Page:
Tuesday, March 20, 2012

Belt one out!

Update 12/10/13:  This post contains information that is probably incorrect.  Please see here.

Several ornate belt buckles are known from the Achaemenid period, but they're rare in art.  For the period of Darius the Great, a particular buckle is well-represented in reliefs at Persepolis.  Unfortunately, that doesn't put us much closer to understanding it.  It appears to be a large, round, sometimes flower-shaped button, which would be easy enough to replicate (although it would unfortunately mean the belt's tightness couldn't be adjusted).  The only problem is that the end of the belt always hangs straight down below the button, which should only work if the belt were made of very flimsy material, which it clearly isn't since it's used to suspend heavy objects, like weapons, or else if the belt were tied in a certain way.

The end of the belt was rounded, with a small round tassel.  When a sword or bowcase is worn, it's attached by a loop through an additional strap which in turn is attached to the belt at the button and the back.

I'd like to note right now that if and when someone figures out how this worked, I believe it should become the standard for reenactors of our period.

A simpler belt appears on a statuette dated to the time of Artaxerxes I, a narrow belt knotted in front with two hanging ends.  While I've seen many live and artistic reconstructions using this method, I have yet to see evidence of its use in conjunction with cavalry costume during the first few decades of the 5th century.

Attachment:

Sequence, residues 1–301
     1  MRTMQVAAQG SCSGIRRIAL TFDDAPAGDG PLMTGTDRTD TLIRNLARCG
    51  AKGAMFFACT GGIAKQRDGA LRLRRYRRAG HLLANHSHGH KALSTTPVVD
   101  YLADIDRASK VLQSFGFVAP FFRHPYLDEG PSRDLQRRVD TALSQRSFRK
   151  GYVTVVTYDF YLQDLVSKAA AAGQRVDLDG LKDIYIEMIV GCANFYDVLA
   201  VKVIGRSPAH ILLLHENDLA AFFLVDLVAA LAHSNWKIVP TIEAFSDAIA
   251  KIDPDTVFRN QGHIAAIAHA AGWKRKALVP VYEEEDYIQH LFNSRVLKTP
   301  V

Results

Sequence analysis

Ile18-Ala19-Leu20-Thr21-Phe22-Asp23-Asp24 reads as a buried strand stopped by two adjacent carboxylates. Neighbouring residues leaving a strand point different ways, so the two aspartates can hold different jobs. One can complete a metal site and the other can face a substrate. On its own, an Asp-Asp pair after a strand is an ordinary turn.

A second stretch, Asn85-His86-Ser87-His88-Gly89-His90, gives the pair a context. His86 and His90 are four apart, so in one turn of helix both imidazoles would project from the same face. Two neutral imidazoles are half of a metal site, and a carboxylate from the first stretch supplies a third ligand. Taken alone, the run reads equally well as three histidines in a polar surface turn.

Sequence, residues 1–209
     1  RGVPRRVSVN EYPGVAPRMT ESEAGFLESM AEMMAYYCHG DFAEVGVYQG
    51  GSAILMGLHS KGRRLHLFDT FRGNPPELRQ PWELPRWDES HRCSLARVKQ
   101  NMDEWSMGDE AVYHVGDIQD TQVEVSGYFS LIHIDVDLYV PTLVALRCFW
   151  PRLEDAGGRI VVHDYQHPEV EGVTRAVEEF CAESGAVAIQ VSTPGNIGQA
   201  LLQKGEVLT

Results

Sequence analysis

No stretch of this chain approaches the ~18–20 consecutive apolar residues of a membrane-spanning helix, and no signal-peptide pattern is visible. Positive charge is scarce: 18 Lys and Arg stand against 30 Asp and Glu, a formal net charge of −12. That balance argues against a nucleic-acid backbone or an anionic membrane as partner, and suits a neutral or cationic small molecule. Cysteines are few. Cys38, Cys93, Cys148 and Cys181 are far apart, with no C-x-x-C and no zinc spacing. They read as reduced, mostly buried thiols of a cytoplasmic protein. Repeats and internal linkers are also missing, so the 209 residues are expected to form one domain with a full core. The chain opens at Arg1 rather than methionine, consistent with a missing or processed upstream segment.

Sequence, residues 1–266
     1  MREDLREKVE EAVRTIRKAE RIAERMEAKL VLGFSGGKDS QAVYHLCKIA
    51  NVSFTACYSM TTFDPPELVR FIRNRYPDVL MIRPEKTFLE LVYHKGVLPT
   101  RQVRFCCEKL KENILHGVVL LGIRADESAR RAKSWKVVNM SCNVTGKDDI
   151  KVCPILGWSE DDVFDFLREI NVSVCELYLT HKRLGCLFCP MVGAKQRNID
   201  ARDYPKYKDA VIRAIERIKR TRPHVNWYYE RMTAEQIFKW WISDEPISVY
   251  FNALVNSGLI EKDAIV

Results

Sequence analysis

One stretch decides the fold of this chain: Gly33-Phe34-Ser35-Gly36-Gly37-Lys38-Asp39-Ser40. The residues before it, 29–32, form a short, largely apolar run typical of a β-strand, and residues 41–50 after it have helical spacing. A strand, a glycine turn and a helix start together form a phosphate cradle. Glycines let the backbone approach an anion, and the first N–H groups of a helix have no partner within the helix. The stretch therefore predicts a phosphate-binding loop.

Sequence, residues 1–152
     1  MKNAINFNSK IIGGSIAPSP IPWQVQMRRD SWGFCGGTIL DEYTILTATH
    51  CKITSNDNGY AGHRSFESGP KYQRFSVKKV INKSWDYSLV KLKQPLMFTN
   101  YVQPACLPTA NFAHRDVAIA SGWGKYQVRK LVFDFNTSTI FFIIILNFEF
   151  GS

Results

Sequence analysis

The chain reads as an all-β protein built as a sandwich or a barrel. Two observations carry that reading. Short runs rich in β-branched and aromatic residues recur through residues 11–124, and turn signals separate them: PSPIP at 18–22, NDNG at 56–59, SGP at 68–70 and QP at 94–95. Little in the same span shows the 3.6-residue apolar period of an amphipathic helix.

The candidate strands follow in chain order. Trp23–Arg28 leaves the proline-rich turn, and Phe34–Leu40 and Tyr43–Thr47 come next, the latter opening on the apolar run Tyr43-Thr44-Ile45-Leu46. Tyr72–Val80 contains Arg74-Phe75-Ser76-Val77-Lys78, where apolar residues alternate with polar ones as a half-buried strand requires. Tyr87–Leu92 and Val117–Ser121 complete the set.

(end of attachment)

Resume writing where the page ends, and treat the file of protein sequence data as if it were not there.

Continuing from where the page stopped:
A similar front-knotted belt was worn with the court robe early on.  It was made of fabric and a bit wider, and ended in small round knots.  A small dagger was often tucked behind it, but I have never seen images of heavy objects being suspended from this kind of sash.  A detailed carving exists on the Egyptian statue of Darius the Great.

Still later, on the Alexander Sarcophagus, we see Persians wearing narrow belts with a round hole in the middle where the buckle should be.  Eureka!  What we have here is a simple ring belt.  While I can't say for sure that it's correct for the Graeco-Persian Wars, a ring belt is very easy to make at home.

A good leather belt should be around 8-ounce thickness.  An inch to an inch and a quarter in width is plenty.  If you're in the United States, I can recommend Tandy Leather Factory's blanks.  Use a metal ring of about 1/8 inch/3mm thickness and slightly wider than the belt.

Assembly is easy:  Fold about an inch and a half of one end of the blank through the ring.  Soaking it in water makes it more bendable, and you can weight it while it's drying so it'll stay put.  Next, either drill or punch large holes for rivets, or small holes to sew the end down.  I would guess that stitching is "safer" from an historical perspective, but won't object to rivets (ask for guidelines if you join a local group).  If you have real or artificial sinew, use that, but common dental floss is fine for leatherworking.  Stitch in several rows (or a square) for strength.  Once that's done, tie the belt around your waist and trim off the excess.

The fact that the buckle is visible as a hole means that the ring belt isn't tied in the usual way, with the end passing through the ring and tying around the base where the ring is attached (as demonstrated here and on countless other sites).  Presumably the end instead loops around the ring and ties back on itself.

Next time:  the God of kings.

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